Tens of thousands of people, from across the length and breadth of Britain, attended a spectacular sell-out open day to mark JCB's 60th anniversary.
Members of the public and JCB employees alike descended on the company's World Headquarters, in Rocester, for the Diamond Jubilee event which began with fascinating factory tours and ended with a musical and firework extravaganza.
Retired construction worker Reginald Rushton, 77, who travelled from his home on Anglesey to attend the Open Day said: “This has been a first-class event. Everything from the factory tour to the musical finale has been very well organised. Seeing the JCB success story first hand makes you feel proud to be British.”
Throughout the day there was a packed line up of entertainment in a huge open air arena erected in the factory grounds, with TV celebrity Christopher Biggins on hand to compere many of the events.
Joining the line-up of entertainment were the world-famous JCB Dancing Diggers which put on a show of exhilarating routines accompanied, on its UK debut, by the JCB GT - a high speed digger fitted with a V8 Chevrolet engine and capable of doing more than 100mph.
Other entertainment included fairground rides, a clown show, a falconry display and a talking dalek, designed and built by JCB employees Chris Earle, of Uttoxeter and James Morley, of Hilton, Derbyshire.
There was also a display of JCB machines from throughout the decades which proved popular with people of all ages who clamoured to have photos taken with their favourite excavator.
One of the highlights was a JCB inter-factory It's a Knockout competition. In the end, the Shovel Heads, a team from JCB Earthmovers in Cheadle, were triumphant and received their winners' medals from JCB Managing Director and CEO John Patterson.
Then as the sun set, the band struck up with a medley of music from the last six decades, and as the night came to a close and fireworks lit up sky, the crowd joined the band in a sing-along of patriotic anthems including Jerusalem and Land of Hope and Glory.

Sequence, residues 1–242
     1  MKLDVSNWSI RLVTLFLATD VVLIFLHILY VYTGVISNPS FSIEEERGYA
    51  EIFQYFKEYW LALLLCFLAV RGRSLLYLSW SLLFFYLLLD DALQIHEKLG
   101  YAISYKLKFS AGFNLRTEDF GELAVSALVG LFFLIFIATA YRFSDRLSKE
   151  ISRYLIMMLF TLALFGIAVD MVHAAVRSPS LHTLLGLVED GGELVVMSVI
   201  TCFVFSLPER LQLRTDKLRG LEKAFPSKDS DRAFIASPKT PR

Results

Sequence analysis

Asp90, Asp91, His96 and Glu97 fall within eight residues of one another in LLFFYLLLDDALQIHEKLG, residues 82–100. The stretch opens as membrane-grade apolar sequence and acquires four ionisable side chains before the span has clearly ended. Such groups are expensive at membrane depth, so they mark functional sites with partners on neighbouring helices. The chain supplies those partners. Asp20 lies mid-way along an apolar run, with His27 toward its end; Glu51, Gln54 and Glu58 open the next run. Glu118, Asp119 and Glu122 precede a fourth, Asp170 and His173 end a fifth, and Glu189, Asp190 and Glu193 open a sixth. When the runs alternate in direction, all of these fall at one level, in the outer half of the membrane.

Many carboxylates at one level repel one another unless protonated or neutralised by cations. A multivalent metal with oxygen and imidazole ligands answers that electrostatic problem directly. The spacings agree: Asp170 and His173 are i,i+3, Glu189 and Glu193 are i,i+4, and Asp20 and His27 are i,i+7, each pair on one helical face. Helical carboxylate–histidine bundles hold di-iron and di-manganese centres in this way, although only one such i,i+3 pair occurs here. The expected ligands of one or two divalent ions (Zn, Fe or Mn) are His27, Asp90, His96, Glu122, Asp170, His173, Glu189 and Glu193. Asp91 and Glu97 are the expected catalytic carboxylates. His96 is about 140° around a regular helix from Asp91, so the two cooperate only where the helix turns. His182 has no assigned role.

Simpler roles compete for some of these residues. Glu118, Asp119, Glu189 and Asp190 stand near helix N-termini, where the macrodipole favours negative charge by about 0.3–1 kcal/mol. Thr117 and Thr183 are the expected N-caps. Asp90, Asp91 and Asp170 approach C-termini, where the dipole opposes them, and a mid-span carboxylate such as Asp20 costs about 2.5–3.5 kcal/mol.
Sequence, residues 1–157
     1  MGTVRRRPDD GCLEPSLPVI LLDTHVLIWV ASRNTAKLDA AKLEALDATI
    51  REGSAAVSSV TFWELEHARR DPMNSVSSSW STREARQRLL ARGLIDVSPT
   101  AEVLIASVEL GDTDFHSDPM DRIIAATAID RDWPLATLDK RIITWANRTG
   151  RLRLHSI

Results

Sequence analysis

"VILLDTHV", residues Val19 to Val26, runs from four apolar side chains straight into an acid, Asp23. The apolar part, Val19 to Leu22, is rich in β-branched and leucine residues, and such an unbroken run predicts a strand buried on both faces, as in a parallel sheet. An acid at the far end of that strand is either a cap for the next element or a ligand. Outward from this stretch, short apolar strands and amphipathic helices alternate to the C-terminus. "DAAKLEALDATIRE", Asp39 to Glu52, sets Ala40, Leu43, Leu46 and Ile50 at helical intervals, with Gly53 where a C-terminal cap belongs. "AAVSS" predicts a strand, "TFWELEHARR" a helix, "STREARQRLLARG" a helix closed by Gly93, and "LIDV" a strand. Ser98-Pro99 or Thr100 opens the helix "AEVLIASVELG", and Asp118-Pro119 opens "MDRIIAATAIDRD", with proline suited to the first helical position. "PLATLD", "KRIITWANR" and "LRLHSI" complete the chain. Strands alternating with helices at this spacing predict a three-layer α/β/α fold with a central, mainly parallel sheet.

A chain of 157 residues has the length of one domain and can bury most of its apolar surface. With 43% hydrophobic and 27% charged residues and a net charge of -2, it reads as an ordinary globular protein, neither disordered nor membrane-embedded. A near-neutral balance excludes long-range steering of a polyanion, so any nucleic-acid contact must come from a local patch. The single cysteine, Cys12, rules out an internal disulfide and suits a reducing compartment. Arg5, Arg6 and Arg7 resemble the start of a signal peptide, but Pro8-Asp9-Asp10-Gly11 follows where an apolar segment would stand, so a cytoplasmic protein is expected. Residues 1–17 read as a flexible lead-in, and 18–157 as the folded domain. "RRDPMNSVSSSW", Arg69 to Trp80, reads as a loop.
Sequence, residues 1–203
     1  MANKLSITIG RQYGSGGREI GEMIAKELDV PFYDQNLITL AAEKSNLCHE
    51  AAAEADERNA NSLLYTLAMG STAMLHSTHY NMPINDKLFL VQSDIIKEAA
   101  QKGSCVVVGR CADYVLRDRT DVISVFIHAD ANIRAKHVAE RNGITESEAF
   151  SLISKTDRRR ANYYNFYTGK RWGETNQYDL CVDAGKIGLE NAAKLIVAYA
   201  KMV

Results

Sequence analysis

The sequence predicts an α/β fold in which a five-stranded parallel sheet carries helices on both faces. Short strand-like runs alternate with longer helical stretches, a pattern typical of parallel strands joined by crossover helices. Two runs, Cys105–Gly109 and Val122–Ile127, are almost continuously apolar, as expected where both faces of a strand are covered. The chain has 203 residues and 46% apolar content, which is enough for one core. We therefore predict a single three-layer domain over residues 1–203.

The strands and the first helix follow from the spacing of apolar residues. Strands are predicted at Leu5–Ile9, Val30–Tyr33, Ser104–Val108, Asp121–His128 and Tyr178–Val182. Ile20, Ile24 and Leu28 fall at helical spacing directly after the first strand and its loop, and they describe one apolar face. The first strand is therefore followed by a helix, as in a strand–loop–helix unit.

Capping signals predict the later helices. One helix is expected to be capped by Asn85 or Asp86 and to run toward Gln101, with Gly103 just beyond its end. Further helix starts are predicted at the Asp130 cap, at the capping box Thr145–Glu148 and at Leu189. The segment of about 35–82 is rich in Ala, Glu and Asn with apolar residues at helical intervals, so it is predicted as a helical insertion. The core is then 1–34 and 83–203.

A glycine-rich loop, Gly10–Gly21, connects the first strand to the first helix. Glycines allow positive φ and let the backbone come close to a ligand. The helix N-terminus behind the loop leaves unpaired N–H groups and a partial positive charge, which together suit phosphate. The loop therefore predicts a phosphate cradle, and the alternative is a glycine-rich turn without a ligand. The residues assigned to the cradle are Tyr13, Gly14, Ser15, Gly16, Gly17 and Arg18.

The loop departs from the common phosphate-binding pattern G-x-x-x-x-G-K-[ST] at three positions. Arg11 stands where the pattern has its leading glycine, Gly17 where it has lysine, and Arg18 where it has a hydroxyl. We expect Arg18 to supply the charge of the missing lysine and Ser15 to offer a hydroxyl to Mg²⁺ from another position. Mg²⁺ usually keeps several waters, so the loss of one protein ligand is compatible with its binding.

The Open day - which attracted a sell out crowd of 30,000 - was laid on primarily for JCB's 4,500 employees at 10 UK factories in Rocester, Rugeley, Uttoxeter, Wrexham, Cheadle and Church Broughton in Derbyshire.
But the event also captured the imagination of the public who snapped up the remaining tickets for Saturday's event, with all proceeds being donated to charity.
By the time the doors opened at 10am, hundreds of people had already queued for hours in rainy conditions to be the first to get a glimpse behind the scenes. By the end of the day more than 27,000 visitors had taken part in the factory tour - and this number had swelled by another 3,000 who attended the lakeside concert and firework display.
JCB Worldwide Events Manager Geoff Bourne said: “This has been the single biggest public celebration in JCB's history and it proved to be a fantastic success. There were people here from all over the country, from afar afield as Scotland and the South of England.
“The event proved to be a real family occasion but we couldn't have organised it without the team of volunteers from throughout JCB who gave up their time to make it such a success.”
The event spotlighted the JCB success story, which began on October 23 1945, when the late Joseph Cyril Bamford - universally known as Mr JCB - set up his own company in a lock-up garage in Uttoxeter. He went on to make his first product, a tipping trailer which he sold for £45.
From these humble beginnings, the company has flourished and now has production factories on four continents and a turnover of £1 billion.
Dave Allen, 40, a Product Specialist at JCB's Compact Products in Cheadle said: “This has been a great day for everyone associated with JCB. It has also given our families the chance to see where we work and what the company is all about. But the number of other people who have attended, despite the rainy conditions, is magnificent.”
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